Plants are one of our most valuable and renewable natural resources. They hold the soil in place to reduce erosion and improve water quality. Plants and humans are intricately connected and humans depend on plants for food, shelter, fuel and the air we breathe. Plants also provide important habitat for wildlife. The specific plant species that grow in southern California depend on a number of important factors including soil composition and texture, topography, aspect, elevation and climate.
The Mediterranean Climate
The plants species that grow in southern California are adapted to the Mediterranean climate. The Mediterranean climate is characterized by relatively mild, wet winters and very warm and dry summers. It is important to note that average winter and summer temperatures can vary greatly between regions with a Mediterranean climate.
The relatively wet winters that commonly occur in Mediterranean regions result in the growth and greening of plants. The most active period of growth is immediately following the rainy season in November and December. However, starting in the late spring, high pressure systems push storms off shore and to the North, causing dry summers and often drought conditions. These wet winters and summer droughts define the Mediterranean climate which is shared with just five other regions worldwide.
The plants that grow in southern California have developed many adaptations to survive and thrive in a climate with hot temperatures and low precipitation. During the wet season, many plants can look green and lush. However, during the hot dry summers these plants often look brown and dry. They are not dead, they are just adapting to their environment.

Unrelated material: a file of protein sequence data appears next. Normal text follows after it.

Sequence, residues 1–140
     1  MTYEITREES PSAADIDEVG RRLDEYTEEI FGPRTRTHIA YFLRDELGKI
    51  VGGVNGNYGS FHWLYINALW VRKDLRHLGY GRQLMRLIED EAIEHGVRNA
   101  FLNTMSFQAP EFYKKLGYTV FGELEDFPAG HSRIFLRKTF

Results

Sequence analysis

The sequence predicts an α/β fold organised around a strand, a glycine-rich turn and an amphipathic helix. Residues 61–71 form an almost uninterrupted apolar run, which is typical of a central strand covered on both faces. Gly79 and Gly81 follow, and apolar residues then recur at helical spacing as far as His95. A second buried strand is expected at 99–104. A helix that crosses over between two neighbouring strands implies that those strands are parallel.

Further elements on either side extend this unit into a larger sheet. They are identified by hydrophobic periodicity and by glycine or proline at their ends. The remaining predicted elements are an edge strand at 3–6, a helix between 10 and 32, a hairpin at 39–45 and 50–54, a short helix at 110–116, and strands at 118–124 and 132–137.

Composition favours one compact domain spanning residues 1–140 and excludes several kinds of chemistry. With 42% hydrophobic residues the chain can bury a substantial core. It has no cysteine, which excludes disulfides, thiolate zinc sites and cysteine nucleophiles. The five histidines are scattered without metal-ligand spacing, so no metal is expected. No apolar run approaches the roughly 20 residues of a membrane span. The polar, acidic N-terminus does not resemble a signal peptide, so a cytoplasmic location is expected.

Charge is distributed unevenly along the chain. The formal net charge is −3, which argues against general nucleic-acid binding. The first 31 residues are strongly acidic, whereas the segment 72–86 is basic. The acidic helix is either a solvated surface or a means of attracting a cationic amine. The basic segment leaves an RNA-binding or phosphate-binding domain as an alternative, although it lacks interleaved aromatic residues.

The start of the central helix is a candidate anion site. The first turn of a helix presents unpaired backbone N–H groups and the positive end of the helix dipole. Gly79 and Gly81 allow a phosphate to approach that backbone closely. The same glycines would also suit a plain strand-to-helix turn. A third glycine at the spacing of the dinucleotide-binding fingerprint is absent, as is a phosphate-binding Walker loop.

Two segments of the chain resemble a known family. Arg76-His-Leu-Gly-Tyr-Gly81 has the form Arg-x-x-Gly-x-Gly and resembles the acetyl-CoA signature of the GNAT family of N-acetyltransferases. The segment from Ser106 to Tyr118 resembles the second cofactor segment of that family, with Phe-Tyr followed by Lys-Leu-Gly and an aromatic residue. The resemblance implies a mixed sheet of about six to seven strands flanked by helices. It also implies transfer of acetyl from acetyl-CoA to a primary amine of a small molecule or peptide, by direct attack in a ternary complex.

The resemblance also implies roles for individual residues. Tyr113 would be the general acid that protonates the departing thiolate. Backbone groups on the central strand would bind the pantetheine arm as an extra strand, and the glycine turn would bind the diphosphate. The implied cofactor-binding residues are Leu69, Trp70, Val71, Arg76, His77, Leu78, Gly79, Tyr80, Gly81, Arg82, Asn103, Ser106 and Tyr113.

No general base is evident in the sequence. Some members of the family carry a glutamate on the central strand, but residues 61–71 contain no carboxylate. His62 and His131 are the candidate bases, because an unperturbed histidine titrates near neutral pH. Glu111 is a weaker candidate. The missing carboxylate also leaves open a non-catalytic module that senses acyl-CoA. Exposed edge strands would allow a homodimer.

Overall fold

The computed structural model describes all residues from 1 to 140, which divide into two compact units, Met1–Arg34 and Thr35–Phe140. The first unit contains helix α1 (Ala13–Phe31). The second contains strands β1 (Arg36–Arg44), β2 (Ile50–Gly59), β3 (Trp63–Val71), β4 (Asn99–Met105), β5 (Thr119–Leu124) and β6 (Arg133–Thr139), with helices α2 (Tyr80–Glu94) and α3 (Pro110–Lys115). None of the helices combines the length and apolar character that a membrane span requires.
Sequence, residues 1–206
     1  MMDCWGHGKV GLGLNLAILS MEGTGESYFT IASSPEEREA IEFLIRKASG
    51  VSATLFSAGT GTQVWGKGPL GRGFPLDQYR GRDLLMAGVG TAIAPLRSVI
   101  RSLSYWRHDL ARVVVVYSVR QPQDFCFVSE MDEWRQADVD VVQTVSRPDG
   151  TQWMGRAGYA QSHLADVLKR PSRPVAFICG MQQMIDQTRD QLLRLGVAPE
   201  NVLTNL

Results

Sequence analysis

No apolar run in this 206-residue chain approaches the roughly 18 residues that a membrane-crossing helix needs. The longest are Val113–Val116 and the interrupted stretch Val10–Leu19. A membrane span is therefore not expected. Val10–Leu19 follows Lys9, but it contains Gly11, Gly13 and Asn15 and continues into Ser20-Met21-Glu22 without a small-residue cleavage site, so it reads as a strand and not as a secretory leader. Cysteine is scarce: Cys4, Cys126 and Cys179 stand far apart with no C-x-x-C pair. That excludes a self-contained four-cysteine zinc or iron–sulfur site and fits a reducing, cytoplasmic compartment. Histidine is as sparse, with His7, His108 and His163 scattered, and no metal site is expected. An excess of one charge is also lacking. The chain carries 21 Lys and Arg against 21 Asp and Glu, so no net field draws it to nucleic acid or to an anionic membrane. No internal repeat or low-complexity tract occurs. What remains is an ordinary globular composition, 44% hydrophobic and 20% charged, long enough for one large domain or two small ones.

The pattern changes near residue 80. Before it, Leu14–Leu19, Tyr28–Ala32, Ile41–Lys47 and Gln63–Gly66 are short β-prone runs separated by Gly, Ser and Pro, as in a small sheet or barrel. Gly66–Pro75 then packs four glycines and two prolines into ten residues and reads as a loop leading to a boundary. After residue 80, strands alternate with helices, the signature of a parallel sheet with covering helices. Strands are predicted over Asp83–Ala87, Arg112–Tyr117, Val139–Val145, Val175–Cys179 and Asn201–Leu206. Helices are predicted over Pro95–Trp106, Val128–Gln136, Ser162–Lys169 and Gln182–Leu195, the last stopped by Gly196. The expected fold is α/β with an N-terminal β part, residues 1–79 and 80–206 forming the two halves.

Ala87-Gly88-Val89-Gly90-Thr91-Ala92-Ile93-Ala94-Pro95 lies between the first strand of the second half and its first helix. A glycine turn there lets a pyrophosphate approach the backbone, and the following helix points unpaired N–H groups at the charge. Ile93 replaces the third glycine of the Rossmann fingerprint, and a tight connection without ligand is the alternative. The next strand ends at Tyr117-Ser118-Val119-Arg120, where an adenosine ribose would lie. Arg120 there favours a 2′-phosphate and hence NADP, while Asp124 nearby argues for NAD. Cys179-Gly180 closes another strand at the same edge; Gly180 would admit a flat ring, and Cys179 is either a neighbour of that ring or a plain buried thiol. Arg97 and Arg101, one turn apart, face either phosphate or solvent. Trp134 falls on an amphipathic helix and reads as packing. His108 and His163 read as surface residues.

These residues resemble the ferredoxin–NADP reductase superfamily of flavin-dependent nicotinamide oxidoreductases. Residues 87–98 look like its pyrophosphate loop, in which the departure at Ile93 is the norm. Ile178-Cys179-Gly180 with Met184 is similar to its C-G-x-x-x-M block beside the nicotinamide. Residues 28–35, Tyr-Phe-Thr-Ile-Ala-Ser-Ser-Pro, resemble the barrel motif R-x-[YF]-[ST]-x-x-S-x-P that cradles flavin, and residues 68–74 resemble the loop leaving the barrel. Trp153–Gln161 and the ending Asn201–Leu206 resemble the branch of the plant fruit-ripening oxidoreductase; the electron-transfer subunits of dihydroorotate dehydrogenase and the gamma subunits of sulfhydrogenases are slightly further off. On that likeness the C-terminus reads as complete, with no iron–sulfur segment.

Some plants have shallower roots and are less able to access groundwater during the summer to fuel photosynthesis. In order to survive in the arid environment, many plants have developed the ability to reduce or cease photosynthesis during the dry summers and resume it during the mild wet winters. Being able to take advantage of the wet season is key for survival. Many of the herbaceous annuals found here, grow quickly following the rainy season which arrives in November and December and continues on until early spring. They do this in order to flower and set seed before the harsh dry weather, insuring future descendants.
The leaves of some plants have adapted in a variety of ways. Many of the shrubs found here have light, greyish-green, leaves. This light color helps reflect heat, thereby reducing leaf temperature and slowing evaporation.
In addition, many coastal sage scrub plants tend to be 1) drought deciduous, meaning they drop their leaves in the summer, 2) display summer dormancy, a period of arrested plant growth or, 3) they produce dimorphic leaves. This is a strategy where plants grow larger leaves in the winter and drop them and then grow smaller summer leaves during dry periods. Black sage (Salvia mellifera) is a species that uses this strategy. Deerweed (Acmispon glaber) is a plant that has drought deciduous leaves.
The Laurel sumac (Malosma laurina) is sometimes known as the taco plant because of its taco shaped leaves. During dry weather, the leaves tend to fold up along the midrib, reducing exposure to the drying sun and therefore the evaporation of moisture.